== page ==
Attack Of The Feeds

As JavaScript and AJAX are getting more and more popular in the 2.0 world, so are their misuses! News.com reports about miscreants being able to use RSS and Atom feeds as attack delivery systems.

Like a webpage, a feed can play host to malicious JavaScript code embedded in the corresponding feed. The severity of attacks can be left to the imagination, considering that there are some feed readers out there, sitting in the browsers, which can download feed content and open up the entire computer to them. The whole infrastructure supports the attacks today – the blogs, the sites, the feeds and the feed readers, including some popular ones like Bloglines and Feed Demon. This is a classic case of a single technology evoling without supporting developments in its periphery, either from support or security standpoint. AJAX has come up, however it is still not a standard, there is no guarantee it will always work. JavaScript is being used everywhere but there is nothing in place to secure it. For the fear of these attacks if users disable JavaScript then the golden boy, AJAX, will be rendered useless.

Feeds are being touted as the best form of syndication everywhere – blogs, email lists, news sites – and for good reason. Feeds are convenient and increase productivity. However, today they are also the possible source of attack on your computer. Suddenly, the role of feed readers gets more complex, they not only have to just read feeds, but possibly look for malicious code and even strip out the invalid markup. Like Nial Kennedy says, the danger is not only the first time you subscribe to a feed. It is quite possible that the blog gets owned by someone else in the future, who might not be trustworthy. Feed readers should also be able to raise this and provide an option for unsubscribing.

We cannot stop using feeds because these attacks are possible. Just like we have not stopped using the Internet because of certain malicious sites. We will continue to be more alert and worried though, everytime an article pops out of a feed, with an increased level of security alert.

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Private Syndication

Bloglines has come up with a specification (via Scripting News) for implementing the idea of private syndication. Just like webpages can be opted out of search engines using robots.txt, feeds will now be able to define their access.

This idea has been welcomed. However, I am with the rest of the gang.

There is no harm in the idea, it is being successfully accepted and implemented in the HTML world, but I would like to take a more generic stand. It is the paradox of publishing private content. However, I think the problem is being solved on the wrong end. Shouldn’t the private content be omitted from the feeds entirely, rather than have an accesibility descriptor? Like the others have said, why is the private content even included in the feeds for the search engines? Or, is it possible that feeds with private content are made non-discoverable by search engines?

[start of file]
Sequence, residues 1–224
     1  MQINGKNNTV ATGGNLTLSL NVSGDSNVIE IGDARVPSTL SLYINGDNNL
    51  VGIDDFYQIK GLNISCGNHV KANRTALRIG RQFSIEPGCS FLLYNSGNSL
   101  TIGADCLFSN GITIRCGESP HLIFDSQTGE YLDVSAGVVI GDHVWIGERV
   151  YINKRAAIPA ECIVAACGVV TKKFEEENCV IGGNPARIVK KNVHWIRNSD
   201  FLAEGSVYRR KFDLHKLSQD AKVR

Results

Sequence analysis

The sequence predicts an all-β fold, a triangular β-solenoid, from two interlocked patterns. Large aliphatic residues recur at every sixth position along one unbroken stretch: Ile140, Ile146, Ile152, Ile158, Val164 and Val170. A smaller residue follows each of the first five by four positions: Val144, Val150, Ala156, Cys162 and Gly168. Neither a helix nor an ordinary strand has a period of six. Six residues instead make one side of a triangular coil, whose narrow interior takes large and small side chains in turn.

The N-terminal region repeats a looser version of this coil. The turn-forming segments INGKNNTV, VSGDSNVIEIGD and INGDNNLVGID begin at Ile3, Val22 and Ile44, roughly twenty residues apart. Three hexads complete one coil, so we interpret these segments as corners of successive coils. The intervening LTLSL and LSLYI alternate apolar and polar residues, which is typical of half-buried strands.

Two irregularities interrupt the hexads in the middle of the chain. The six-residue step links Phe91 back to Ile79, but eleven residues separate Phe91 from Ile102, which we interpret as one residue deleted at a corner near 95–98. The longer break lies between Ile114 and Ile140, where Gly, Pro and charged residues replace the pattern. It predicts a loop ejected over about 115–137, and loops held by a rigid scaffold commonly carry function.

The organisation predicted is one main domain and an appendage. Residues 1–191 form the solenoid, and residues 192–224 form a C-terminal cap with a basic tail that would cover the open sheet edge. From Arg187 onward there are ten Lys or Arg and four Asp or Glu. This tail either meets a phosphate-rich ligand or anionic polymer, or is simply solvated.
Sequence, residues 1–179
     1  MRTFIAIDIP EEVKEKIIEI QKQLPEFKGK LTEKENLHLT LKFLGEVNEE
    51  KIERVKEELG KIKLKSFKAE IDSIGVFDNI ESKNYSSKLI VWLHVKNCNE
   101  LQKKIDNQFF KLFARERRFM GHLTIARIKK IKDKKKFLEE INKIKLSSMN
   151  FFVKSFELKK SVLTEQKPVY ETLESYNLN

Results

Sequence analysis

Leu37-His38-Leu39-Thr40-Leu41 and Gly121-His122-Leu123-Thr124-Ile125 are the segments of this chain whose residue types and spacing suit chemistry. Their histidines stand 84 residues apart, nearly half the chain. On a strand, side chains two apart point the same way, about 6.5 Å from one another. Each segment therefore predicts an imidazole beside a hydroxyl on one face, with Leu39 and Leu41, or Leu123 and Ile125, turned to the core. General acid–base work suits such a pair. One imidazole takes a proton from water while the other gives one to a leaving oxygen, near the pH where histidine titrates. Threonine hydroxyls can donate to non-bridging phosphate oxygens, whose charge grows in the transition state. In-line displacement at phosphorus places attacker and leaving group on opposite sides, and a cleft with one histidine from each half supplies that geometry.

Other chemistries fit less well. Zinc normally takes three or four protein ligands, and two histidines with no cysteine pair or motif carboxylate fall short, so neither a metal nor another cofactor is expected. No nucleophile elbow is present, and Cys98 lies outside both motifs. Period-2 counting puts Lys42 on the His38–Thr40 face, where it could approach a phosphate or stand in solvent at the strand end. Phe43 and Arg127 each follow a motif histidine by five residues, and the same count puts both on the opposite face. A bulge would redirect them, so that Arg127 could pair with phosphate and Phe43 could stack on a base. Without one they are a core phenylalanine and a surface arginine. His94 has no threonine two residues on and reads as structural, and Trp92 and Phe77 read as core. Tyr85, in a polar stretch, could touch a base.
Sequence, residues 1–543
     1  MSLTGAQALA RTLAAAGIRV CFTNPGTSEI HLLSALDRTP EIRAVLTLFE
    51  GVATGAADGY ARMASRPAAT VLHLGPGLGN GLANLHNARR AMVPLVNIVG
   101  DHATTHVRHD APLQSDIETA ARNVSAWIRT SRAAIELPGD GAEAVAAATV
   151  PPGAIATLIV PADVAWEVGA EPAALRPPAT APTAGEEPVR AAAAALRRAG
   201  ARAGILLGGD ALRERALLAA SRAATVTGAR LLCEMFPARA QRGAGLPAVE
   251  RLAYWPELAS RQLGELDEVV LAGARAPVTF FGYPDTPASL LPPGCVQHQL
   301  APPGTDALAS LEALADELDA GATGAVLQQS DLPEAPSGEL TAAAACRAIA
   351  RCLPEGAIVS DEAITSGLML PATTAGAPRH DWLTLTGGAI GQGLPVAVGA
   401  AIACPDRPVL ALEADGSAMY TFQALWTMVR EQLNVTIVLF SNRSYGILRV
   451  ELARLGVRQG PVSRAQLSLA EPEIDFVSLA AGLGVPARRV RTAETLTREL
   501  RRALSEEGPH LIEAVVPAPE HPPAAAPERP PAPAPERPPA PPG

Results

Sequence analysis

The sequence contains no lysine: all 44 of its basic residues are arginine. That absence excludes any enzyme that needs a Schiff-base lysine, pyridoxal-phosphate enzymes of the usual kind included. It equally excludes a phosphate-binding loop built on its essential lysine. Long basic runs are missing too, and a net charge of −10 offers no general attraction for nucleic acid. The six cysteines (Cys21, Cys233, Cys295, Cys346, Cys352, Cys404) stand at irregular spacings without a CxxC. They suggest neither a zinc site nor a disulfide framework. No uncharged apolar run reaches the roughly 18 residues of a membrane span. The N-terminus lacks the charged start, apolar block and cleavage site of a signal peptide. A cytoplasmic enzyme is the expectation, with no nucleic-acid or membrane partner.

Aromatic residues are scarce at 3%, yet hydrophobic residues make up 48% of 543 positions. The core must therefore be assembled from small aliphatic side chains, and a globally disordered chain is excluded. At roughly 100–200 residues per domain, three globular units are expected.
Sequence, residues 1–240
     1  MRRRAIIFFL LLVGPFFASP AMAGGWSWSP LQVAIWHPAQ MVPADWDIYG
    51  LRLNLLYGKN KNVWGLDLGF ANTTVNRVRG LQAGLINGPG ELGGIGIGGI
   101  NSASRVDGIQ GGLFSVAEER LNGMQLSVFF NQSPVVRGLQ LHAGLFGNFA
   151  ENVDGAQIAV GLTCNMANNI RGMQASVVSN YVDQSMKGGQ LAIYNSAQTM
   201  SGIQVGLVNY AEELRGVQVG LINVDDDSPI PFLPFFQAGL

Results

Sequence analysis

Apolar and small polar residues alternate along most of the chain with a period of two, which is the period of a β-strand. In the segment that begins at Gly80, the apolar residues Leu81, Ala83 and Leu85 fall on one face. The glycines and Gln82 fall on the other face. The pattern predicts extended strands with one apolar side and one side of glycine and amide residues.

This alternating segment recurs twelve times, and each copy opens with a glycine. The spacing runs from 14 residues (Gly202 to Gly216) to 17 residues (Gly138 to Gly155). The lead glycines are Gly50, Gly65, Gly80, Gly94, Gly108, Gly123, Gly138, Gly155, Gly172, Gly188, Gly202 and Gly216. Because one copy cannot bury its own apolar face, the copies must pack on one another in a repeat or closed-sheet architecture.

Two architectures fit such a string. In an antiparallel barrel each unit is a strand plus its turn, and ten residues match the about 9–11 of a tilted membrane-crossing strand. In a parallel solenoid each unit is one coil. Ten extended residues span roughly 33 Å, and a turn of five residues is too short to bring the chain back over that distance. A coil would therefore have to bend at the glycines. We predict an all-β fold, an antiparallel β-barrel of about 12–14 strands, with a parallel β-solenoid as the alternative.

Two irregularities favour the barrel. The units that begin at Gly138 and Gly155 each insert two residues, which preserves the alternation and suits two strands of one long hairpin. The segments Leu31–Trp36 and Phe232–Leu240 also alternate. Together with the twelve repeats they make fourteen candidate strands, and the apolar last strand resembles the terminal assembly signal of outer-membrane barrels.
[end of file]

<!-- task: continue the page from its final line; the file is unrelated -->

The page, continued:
It would be fair to consider feeds to be a form of syndication of the original content. Hence it would be fair to say that there can be a mapping between the access policy of the original content and the syndicated one. Can’t the access policy for feeds be derived from the ones for HTML, i.e., robots.txt? The access policy is for the content, not for the format. Why should the access policy be repeated for all the different formats that the content can be syndicated in? Isn’t this redundancy? The feed producer should not only pick up the content but also its access policy when the feed is being created. Using this all forms of syndicated content can have common access policies.

In my opinion, Feed producers should make sure that the private content is not syndicated.

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Copyright Abhijit Nadgouda.

More Applications For Feeds

Feeds are an important aspect of my daily reading. I cannot cope up with the ever increasing list of sites I am reading without them. So much so, that I have started assuming that I will find feeds on all sites. They are being actively used in different scenarios like in case of Flickr or coComments.

With the increasing popularity of feeds, are they becoming viable for more and more applications? I did some reading and found some ideas floating on the Net. Sumankumar wonders about using RSS for documentation. The CEO Bloggers’ Club has Ten Ideas for Corporate RSS Feeds. Here is a list of situations where I could use feeds.

Calendar

The calendar sharing and subscription is not very convenient today. Is it possible that calendars start sharing by using feeds? A good thing about this would be that while these feeds could be read by specific feed-ready calendar applications, others would be able to read them through normal aggregators or feed readers.